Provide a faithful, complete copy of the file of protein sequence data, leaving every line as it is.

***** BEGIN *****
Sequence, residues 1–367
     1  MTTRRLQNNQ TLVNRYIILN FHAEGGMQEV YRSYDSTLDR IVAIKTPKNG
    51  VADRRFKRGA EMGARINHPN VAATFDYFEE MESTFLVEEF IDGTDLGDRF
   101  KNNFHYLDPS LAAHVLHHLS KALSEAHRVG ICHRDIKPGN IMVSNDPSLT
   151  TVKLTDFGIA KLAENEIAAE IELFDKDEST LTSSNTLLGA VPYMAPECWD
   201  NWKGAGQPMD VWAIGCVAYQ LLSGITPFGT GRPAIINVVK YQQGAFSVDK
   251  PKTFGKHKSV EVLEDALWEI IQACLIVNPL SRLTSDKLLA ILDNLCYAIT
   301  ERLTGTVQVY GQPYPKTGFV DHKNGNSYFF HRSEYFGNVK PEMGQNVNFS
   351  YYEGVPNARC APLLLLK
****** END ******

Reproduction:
Sequence, residues 1–367
     1  MTTRRLQNNQ TLVNRYIILN FHAEGGMQEV YRSYDSTLDR IVAIKTPKNG
    51  VADRRFKRGA EMGARINHPN VAATFDYFEE MESTFLVEEF IDGTDLGDRF
   101  KNNFHYLDPS LAAHVLHHLS KALSEAHRVG ICHRDIKPGN IMVSNDPSLT
   151  TVKLTDFGIA KLAENEIAAE IELFDKDEST LTSSNTLLGA VPYMAPECWD
   201  NWKGAGQPMD VWAIGCVAYQ LLSGITPFGT GRPAIINVVK YQQGAFSVDK
   251  PKTFGKHKSV EVLEDALWEI IQACLIVNPL SRLTSDKLLA ILDNLCYAIT
   301  ERLTGTVQVY GQPYPKTGFV DHKNGNSYFF HRSEYFGNVK PEMGQNVNFS
   351  YYEGVPNARC APLLLLK